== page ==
What, for you, is this day about? A friend asked me that question this morning and I found myself texting her back a long message, filled with excitement. Such is my heart. Today marks the beginning of the Triduum, those sacred days in the Christian liturgical calendar when we move deep into the mysteries of the life and embodiment of God in Jesus the Christ. In three days we hold pain, joy, sorrow, communion, waiting, and risen life.
Today it begins with Jesus, a devout Jew, and his followers celebrating one of the feasts of Judaism—the Passover. Even then, as we do today, they were remembering a time of sorrow, of pain, a time when their people were suffering deeply, and when God acted mightily. They were remembering and celebrating their position as the chosen people of God, of the destruction of God passing over their homes and sparing their children. Accordingly, on this night, they ate simply, and they gathered, embodying both sorrow and joy, lament and celebration.
I love thinking about what the setting might have been like in those days—where they were, what they ate and drank, who was there. Often, in religious art and modern retelling, we get images that reflect our own culture and expectations. Yet what was it like then? Certainly, there were not only men present, as is often depicted in interpretations of the last supper. Jesus’ followers were there, and his followers were men and women, children and elderly persons, the rich and the poor, the well and the sick, the outcast as well as the accepted members of society. Some had the means to provide a meal, some could only bring their smiles and their thanks. All were, indeed, welcome. Maybe it looked something like this:
What was happening? What were they doing? Were they aware, as Jesus was, of what was to come? Surely, they were aware of the mounting tension, of the repeated confrontations with power that had been occurring, of Jesus slipping away to avoid condemnation and persecution. One among them was already planning a way to turn Jesus over to the authorities of death, yet he too, was there, sharing that meal and receiving Jesus’ love.
What were they thinking when Jesus took the bread and wine, the most ordinary elements of their daily meal, and shared it with them, telling them to remember him. As often, he seemed to be saying, as you eat this (all the time), remember me. I am as close to you as these elements, made from your own hands, and when eaten, a part of your very selves. Did they catch his urgency, maybe his worry, that they (still) didn’t get it? That they might forget? Did they brush it off with a “sure, sure, Jesus, we know! You love us. You’re here for us.” Did they get the depth of it, that this would be the last time he would be with them in this body, in this way, and he was trying to tell them—no matter how my physicality changes, I will always, always be with you—every day, in every meal, in every moment, always! Did they get it? Do we?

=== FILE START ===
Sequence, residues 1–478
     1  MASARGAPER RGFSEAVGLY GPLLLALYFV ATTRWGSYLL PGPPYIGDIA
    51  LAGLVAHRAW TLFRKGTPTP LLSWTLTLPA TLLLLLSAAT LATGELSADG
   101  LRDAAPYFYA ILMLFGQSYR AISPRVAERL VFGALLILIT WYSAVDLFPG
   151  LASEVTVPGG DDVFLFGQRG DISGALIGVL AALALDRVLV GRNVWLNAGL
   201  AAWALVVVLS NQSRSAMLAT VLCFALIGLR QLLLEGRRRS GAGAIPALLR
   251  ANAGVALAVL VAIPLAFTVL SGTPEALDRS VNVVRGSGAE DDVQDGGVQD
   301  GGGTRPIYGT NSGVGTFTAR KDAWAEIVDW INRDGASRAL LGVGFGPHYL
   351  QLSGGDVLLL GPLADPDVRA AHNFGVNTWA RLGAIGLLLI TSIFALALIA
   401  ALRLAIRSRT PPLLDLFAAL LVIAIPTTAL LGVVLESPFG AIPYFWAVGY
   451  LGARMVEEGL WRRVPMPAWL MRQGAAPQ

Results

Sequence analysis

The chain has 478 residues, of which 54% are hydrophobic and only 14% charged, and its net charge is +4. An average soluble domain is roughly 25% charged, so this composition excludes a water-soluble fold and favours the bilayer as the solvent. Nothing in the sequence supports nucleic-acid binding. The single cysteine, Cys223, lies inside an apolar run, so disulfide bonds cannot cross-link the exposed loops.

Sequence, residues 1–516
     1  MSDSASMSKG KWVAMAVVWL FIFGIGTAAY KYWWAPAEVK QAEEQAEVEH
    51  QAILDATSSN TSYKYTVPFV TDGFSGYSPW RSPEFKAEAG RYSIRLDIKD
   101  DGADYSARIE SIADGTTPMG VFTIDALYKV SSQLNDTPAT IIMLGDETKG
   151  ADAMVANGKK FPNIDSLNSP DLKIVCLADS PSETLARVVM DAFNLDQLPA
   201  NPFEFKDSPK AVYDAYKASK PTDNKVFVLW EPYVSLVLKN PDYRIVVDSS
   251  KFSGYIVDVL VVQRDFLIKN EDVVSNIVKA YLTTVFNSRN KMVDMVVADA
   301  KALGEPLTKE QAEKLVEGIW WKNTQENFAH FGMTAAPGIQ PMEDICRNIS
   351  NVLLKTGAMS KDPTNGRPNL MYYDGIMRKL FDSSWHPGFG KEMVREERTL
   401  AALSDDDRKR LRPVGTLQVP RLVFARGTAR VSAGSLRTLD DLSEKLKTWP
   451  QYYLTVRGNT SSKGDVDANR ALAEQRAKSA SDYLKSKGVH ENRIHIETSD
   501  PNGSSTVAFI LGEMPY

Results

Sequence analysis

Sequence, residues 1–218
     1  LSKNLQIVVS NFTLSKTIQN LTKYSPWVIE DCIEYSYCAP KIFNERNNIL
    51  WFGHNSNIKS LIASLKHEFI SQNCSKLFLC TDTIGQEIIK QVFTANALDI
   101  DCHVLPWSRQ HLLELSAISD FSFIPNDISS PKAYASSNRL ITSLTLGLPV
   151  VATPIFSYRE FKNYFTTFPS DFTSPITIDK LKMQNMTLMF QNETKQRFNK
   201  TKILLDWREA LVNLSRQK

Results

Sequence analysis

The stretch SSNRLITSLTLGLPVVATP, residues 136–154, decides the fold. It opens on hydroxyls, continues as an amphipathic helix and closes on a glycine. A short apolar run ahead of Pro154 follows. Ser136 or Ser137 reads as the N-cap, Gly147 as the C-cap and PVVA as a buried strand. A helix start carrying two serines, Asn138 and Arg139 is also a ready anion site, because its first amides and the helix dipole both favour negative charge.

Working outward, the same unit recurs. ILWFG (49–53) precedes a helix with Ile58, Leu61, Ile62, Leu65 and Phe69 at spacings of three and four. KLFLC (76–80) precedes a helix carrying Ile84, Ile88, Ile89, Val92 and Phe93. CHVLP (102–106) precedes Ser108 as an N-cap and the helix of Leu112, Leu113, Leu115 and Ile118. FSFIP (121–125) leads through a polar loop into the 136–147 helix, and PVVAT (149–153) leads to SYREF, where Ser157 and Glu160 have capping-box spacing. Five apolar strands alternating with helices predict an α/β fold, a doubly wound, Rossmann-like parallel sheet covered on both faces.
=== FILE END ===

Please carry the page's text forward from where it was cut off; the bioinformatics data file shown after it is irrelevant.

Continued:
And then, what was their reaction when he removed himself from the place of honor at the table, took off his outer coverings, knelt in the dirt and began to wash their feet? Feet shod only in sandals, feet that had walked miles and miles maybe that day alone, dirty and perhaps filled with sores, feet that usually only slaves could touch? Yet here was Jesus, the one they had deemed Lord, in utter love and connection, touching and cleaning those feet. We hear Peter’s response of horror—no, Lord! And Jesus’ reprimand—“then you will have no inheritance with me.” I can imagine his exasperation at this one, this rather rocky “rock” of the Church who seemingly still doesn’t get it, who keeps trying to control the situation, who can’t seem to understand that in following the heart of Jesus it’s not really going to make all that much sense, but jump in man! The water’s fine, and Jesus is there, in the flow, in the power-turned-upside-down newness of Christian life. Jesus so embodies this new water of life that he washes Peter, the lowliest part of him, his feet, with desperate love and kindness and service, hoping beyond hope that Peter will understand and in turn, do this for others.
For me, this meal and all its actions are Jesus’ final attempt to communicate to his disciples—all of them, not just the 12—that what he has been so we now are called to be. In sharing the meal, in washing their feet, he urges them with all that he is—as I AM love, as I have loved you, GO, do this for others! Do it, he says, because you ARE it.
It’s not about worshiping Jesus, as so much of Christianity has made it. It’s not about following the rules or getting it right. It’s about falling into the heart of Jesus. On this day, it is a heart that holds much—sorrow, pain, as well as joy and the hope of eternal communion. It’s a heart pouring over in Love, even on the eve of death. It’s about digesting the food that He is, trusting it becomes so a part of our own bloodstream that we cannot help but be it, embody Him, in the world.